In the course of Donald Trump’s rise to power, people have repeatedly been asking, “Why did he tweet that? What was he thinking about?” Our fascination with his mental states highlights a very important question for us: What happens in our minds and brains when we try to influence others?
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We as designers have an ability to provide perspective, to bring focus, and to share the tools that we use on a daily basis to align a group of disparate voices for a cause that is greater than our own.
We rarely think about the link between trust and progress and innovation, and how societies move forward. But when you start to think of it like that, you realize that trust is actually the key component not just for companies but any organization that wants human beings to try new things.
Conspiracies are perfect for simple thinking. Because conspiracy is by definition something that explains everything. A really great conspiracy explains something that has already happened and something that’s going to happen.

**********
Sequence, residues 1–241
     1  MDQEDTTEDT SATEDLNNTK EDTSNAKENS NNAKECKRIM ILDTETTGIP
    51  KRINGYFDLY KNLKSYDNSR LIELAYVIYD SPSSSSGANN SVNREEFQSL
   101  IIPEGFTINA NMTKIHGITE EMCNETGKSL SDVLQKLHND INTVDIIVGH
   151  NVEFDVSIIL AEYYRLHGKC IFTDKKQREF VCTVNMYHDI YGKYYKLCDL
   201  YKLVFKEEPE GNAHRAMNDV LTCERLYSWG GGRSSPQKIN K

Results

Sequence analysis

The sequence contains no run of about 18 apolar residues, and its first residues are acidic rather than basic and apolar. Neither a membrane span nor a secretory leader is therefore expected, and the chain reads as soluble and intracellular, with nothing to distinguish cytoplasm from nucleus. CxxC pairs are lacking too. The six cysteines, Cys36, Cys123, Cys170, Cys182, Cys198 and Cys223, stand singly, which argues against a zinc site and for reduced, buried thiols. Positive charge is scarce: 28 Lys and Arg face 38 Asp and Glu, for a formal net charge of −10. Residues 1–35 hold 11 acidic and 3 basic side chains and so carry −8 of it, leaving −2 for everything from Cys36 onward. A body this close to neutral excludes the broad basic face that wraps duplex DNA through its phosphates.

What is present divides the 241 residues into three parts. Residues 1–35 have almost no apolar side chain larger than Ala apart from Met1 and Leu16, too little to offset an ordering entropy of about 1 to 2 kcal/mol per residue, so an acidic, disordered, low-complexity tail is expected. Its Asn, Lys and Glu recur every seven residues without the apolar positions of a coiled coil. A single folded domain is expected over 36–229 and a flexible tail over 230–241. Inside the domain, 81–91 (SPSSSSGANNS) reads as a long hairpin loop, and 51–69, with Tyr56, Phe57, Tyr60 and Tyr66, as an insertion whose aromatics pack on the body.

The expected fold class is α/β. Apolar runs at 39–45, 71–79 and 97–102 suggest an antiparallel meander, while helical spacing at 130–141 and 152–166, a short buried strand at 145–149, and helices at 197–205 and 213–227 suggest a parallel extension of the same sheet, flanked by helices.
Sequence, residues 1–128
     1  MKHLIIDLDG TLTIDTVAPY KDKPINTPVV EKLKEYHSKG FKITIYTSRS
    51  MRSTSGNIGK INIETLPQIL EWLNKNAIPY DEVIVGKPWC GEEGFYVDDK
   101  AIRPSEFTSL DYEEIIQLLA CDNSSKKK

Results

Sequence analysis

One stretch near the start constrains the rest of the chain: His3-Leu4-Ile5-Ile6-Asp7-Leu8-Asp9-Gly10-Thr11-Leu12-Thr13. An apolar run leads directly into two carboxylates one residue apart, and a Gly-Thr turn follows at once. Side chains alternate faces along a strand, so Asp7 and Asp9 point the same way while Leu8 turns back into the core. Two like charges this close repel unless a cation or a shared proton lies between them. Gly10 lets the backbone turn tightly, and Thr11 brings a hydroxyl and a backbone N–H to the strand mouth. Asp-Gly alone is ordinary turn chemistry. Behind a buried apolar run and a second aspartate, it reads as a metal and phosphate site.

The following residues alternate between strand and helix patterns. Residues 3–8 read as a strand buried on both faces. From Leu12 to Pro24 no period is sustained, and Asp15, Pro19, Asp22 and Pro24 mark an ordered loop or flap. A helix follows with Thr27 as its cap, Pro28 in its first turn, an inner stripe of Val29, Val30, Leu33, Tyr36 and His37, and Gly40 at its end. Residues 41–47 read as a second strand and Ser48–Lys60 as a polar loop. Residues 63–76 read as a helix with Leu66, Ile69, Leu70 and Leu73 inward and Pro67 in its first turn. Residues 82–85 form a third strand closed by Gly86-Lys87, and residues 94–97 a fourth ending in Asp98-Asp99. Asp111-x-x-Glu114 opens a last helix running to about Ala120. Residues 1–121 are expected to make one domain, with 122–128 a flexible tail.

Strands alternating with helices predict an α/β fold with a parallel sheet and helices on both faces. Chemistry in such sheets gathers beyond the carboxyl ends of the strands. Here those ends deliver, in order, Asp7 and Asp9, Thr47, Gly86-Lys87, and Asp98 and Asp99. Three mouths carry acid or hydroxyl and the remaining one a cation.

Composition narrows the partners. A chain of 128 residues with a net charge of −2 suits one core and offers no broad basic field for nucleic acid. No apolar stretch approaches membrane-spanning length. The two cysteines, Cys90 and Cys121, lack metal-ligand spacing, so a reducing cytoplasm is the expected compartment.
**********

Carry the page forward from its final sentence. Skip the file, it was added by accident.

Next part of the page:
I don’t want to live in a world where ISIS is scarier than hackers, especially in 2016. We previously held the title in 2013, ’14, and ’15. And to be honest I was a little bit disappointed when I saw this result. So I thought I’m in my 40s now, there’s a lot of young hackers in the audience, and I’m not going to pass the baton to you guys unless we have that number one spot back in our pile.
There are many changes to our institutions and our norms and our ideas that can reduce or eliminate the risks of nuclear war without what I consider a rather quixotic attempt to change the course of human evolution.
I don’t think we’ve had anybody quite like Donald Trump before, in terms of the politics of celebrity, which is what I think he’s really about. It’s not simply that he’s rich. We’ve had rich people in politics before. He’s not simply a businessman. We’ve had businessmen in politics before.